Growing Up Black in White is Kevin D. Hofmann's memoir of growing up as a bi-racial adoptee in an all-white family. When I began reading Hofmann's book I expected to enjoy the read, but I doubted I would find anything new. No stranger to transracial adoption experiences, I assumed his book would be a variation on a familiar theme.
I made a note in the margin on page 5. And on page 8. And on page 13. Thirty-five notes in all in a 168 page book. Growing Up Black in White is definitely not merely a variation on a familiar theme.
What Hofmann does so well is tell his story. He simply tells his story, without activism or criticism or politics, and that's what I found so moving. He writes sincerely and humorously about the joys and challenges of his childhood, growing up, and his racially-mixed family. Other than demographic details, the chronicle of his personal evolution is thematically similar to that of Langston Hughes, William E.B. DuBois, and James Weldon Johnson. But Hofmann's story is uniquely accessible.
The story of Hofmann's childhood is the story of my childhood, told from the "other" side of my black friends. The "black side" that I never saw. His is the story of being black, of "acting white" and wanting to be more black. It's the story of what Natalie and Jamie and Diana listened to and talked about when they weren't at my house listening to Bobbie Sherman and Peter, Paul & Mary. It's the story of how much of themselves they kept hidden from me... without me ever knowing.
Hofmann made me realize that in some ways Billy Council and I experienced our sandbox marathons very differently - he as the son of our hired housekeeper and me as the daughter of his mother's employers - and in other ways very much the same - as two kids enjoying summer in each other's company. Growing Up Black in White has me reliving scenes from the Virginia Beach Kings Grant Elementary School cafeteria and understanding for the first time why Natalie and her mother always sat in the last pew in church rather than sitting up front with us. I always thought it was just because our mothers didn't want Nat and me fooling around in church.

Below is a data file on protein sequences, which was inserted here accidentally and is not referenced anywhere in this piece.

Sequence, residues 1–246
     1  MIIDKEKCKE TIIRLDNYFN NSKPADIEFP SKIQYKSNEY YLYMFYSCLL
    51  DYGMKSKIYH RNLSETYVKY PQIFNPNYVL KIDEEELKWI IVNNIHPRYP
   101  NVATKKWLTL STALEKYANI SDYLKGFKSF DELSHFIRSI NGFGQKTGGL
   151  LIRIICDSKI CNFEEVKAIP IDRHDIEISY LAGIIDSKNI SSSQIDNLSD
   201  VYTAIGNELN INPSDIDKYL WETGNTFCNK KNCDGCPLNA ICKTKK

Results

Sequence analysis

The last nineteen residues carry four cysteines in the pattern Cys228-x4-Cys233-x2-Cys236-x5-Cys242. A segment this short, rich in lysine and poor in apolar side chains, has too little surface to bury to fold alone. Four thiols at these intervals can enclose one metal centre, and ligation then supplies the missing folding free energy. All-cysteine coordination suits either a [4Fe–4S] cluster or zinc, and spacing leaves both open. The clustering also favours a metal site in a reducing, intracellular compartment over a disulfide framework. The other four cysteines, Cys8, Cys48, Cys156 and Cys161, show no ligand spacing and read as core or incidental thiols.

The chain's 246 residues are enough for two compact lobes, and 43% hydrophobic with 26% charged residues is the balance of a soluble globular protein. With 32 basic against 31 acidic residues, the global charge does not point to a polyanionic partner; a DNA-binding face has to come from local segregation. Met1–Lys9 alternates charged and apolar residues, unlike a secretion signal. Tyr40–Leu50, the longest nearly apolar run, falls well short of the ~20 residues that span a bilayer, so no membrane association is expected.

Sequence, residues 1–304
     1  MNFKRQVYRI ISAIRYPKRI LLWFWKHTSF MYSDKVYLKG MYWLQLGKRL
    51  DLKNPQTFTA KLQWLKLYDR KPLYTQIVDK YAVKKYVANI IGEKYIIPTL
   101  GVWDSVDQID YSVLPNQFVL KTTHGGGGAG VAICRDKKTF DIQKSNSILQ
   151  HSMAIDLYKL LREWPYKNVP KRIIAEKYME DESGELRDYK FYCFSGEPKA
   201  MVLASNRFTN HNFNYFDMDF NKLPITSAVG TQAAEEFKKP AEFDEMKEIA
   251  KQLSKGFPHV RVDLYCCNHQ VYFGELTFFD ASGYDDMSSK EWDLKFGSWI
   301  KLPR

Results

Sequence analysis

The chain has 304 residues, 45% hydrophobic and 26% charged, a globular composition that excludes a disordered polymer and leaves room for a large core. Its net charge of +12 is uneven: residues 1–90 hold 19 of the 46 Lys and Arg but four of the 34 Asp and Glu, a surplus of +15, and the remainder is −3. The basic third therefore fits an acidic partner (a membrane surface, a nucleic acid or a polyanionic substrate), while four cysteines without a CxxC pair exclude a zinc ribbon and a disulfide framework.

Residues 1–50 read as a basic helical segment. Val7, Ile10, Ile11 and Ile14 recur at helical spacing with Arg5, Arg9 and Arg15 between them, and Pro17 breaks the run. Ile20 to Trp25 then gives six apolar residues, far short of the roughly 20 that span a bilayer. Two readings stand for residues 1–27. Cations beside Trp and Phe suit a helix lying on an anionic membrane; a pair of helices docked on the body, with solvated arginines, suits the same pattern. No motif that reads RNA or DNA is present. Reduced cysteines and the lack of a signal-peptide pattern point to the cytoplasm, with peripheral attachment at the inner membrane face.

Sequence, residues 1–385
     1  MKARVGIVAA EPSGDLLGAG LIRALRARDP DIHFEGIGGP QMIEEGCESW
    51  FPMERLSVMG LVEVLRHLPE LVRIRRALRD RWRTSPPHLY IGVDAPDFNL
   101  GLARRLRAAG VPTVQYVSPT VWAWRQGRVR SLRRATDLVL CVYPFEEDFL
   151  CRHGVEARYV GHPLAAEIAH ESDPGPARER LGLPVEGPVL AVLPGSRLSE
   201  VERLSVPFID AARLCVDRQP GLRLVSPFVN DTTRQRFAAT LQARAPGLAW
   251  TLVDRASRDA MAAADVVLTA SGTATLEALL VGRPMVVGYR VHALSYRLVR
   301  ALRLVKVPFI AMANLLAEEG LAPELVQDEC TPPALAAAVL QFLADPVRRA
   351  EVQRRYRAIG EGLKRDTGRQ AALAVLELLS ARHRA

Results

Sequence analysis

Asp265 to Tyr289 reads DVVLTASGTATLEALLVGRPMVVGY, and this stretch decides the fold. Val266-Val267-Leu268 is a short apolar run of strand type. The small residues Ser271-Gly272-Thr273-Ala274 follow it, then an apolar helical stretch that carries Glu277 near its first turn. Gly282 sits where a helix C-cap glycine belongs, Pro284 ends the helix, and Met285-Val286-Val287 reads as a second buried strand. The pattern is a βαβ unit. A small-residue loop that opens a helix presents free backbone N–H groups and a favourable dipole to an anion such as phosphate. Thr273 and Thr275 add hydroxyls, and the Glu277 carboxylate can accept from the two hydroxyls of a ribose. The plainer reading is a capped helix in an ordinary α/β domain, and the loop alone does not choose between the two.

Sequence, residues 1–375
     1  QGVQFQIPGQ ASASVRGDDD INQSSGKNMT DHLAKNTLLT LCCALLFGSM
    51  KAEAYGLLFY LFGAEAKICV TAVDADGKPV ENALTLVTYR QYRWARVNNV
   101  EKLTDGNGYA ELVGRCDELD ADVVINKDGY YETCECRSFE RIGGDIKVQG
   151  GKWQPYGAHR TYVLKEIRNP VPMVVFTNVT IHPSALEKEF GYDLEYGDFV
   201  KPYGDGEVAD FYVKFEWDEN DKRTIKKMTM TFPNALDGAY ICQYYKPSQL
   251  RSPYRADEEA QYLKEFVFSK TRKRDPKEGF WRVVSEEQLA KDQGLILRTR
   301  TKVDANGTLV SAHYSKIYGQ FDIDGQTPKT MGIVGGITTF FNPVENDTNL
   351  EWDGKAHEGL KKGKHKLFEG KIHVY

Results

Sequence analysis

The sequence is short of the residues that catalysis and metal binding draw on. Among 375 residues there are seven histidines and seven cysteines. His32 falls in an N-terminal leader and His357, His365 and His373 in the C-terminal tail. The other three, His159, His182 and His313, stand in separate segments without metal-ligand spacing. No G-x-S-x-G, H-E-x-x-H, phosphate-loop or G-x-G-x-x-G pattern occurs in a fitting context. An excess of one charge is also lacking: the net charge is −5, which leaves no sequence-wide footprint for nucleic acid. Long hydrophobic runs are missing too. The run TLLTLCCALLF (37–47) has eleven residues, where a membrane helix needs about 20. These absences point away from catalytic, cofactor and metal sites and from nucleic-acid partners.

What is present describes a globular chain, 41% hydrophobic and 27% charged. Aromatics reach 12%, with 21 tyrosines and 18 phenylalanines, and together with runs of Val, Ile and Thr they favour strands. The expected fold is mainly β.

Growing Up Black in White is poignant, funny, and enlightening. Hofmann's decision to steep his story in the ordinary moments of life was inspired. His book pulses with an authenticity that will transport you back to your own childhood. If you spend any time at all there I trust you will see things you never saw before. Because as Hofmann shows, regardless of your skin color growing up is never simply black and white.
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